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About Monte

For 20 seasons, I mostly wrote about NASCAR. I'm still paying attention, but I'm spending more of my time these days writing novels and songs. I try to blog regularly on whatever happens to strike my fancy.
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5 Responses to Little Things Mean a Blog

  1. Andy DeNardi says:

    Well now you taught me something there, son. I never knew that it was Rearin’ to go and will correct my speech immejitlee.

    I suppose that Charlie Sheen held the “Well, I’ll be” position for a time, and Justin Bieber is in the on-deck circle. Keeping with the musical theme, we’ve got Marilyn Manson, Ozzie Osbourne and Alice Cooper. Maybe even the Busch Bros. But you’re right, being a man, I had to think a bit on it. I think most of the time I just consider it boys being boys.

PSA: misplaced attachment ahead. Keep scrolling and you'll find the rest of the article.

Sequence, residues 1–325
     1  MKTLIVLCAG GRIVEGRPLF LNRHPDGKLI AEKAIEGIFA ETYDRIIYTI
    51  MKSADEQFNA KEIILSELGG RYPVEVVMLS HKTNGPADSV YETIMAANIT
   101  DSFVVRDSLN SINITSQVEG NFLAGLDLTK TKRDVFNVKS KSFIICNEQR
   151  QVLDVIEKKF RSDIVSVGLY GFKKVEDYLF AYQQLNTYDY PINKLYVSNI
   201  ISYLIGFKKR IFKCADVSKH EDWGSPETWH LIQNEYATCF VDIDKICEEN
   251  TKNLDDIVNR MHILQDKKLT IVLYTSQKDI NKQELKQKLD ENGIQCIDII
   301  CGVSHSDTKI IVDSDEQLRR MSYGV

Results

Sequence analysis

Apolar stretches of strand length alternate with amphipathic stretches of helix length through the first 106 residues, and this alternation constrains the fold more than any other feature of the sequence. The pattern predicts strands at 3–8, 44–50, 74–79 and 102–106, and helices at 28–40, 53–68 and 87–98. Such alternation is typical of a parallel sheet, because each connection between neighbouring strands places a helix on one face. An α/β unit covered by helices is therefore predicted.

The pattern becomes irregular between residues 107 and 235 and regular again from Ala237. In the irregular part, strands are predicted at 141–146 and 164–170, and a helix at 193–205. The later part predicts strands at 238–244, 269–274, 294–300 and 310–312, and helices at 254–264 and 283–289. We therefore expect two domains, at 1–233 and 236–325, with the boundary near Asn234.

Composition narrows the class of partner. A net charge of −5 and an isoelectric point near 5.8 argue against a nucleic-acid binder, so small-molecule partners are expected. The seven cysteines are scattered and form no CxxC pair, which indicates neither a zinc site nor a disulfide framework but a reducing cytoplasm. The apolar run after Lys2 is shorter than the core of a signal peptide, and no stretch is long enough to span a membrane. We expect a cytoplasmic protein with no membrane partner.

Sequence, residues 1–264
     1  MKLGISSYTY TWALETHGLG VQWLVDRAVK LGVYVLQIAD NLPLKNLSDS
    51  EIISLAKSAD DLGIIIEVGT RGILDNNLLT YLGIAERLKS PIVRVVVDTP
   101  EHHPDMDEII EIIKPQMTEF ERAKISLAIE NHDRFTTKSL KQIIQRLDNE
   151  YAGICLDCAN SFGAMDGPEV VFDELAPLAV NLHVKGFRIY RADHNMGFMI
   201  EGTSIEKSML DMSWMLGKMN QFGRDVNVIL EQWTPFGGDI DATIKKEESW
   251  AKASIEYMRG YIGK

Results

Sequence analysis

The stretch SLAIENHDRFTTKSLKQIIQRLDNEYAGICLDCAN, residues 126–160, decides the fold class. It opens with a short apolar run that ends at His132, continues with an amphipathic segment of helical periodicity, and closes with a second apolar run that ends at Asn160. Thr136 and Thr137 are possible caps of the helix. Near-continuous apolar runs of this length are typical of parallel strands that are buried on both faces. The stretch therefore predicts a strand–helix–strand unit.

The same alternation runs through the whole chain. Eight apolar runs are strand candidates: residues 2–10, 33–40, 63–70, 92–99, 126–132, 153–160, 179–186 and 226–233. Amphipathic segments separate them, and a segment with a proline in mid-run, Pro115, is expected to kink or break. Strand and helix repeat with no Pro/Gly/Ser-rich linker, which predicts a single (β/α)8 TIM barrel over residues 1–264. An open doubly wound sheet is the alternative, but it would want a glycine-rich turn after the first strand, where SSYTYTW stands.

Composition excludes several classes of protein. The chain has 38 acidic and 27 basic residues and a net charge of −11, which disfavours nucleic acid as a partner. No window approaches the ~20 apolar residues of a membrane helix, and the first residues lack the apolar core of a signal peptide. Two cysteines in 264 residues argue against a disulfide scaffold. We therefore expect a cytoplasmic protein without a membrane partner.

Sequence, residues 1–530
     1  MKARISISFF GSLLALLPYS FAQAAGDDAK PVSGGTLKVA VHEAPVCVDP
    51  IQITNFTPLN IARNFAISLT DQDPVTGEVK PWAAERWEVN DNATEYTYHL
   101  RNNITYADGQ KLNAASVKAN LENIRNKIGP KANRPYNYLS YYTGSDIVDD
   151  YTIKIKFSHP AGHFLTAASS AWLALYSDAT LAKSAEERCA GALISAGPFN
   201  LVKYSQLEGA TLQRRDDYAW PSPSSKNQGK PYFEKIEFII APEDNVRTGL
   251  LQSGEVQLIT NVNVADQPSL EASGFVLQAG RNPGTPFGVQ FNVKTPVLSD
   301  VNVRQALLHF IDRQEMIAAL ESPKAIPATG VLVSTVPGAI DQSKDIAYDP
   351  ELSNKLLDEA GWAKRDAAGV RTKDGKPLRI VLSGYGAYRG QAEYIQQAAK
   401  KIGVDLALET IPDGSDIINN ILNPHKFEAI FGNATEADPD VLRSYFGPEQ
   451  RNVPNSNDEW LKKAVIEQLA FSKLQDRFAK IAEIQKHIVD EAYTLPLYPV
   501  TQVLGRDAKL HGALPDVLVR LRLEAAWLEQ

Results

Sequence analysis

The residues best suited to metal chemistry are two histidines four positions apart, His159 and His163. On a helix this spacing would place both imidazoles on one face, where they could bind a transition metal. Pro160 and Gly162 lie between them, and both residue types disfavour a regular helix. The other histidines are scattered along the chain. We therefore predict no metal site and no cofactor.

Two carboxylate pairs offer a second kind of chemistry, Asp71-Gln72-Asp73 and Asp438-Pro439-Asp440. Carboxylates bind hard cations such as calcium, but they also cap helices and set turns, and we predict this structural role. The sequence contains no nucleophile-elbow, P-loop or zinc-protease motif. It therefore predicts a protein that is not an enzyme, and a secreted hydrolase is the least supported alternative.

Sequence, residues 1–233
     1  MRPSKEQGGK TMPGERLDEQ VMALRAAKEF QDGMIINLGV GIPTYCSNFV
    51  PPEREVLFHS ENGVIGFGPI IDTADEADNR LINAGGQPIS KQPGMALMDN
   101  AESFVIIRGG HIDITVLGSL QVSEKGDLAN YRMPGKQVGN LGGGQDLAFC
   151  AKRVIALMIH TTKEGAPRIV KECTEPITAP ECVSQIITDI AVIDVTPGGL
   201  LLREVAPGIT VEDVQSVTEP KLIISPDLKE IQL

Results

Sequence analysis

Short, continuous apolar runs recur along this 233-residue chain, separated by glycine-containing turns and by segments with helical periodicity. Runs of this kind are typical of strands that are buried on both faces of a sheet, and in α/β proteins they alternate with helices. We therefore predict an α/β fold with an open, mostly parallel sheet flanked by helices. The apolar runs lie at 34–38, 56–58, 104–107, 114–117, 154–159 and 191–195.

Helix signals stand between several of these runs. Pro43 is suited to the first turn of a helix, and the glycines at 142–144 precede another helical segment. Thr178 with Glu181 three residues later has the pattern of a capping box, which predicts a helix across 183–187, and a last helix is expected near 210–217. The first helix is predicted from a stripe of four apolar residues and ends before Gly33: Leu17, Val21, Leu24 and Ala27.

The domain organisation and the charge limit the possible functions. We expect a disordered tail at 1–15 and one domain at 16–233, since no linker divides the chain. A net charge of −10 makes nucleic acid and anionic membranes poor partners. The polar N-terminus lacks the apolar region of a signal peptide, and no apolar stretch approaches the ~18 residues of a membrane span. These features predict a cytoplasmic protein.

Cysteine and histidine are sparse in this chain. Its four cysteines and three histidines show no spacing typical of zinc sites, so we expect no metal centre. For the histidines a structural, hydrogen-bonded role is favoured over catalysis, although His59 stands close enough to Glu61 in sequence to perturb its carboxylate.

Letterman is getting old and is bound to retire once he outlasts Leno. Craig’s show works best where it is, and I’d be sorely disappointed if they moved him into Dave’s slot. Letterman’s was better late too.

  2. Monte says:

    Agreed on most all you wrote.
    Only reason I know about “rearing up” is that I grew up around horses.

  3. Judy B says:

    Only thing I’ll take up the gauntlet on is lumping Lady Gaga in w/those others. She may be seen as “out there” but she truly marches to a different drummer, it’s who she is not what attention she’s looking to get. Also, she’s helped hundreds, if not thousands, of bullied kids to feel better. Her brand of “out there” has a positive message: it’s ok, even super, to be original.

  4. Tony Geinzer says:

    I wonder if who is really “winning” ? Would having a Good Engine Builder like Robert Yates change NASCAR again?

  5. Monte says:

    I think everything is too standardized now, including engines, for a Robert Yates to make that kind of difference.

Comments are closed.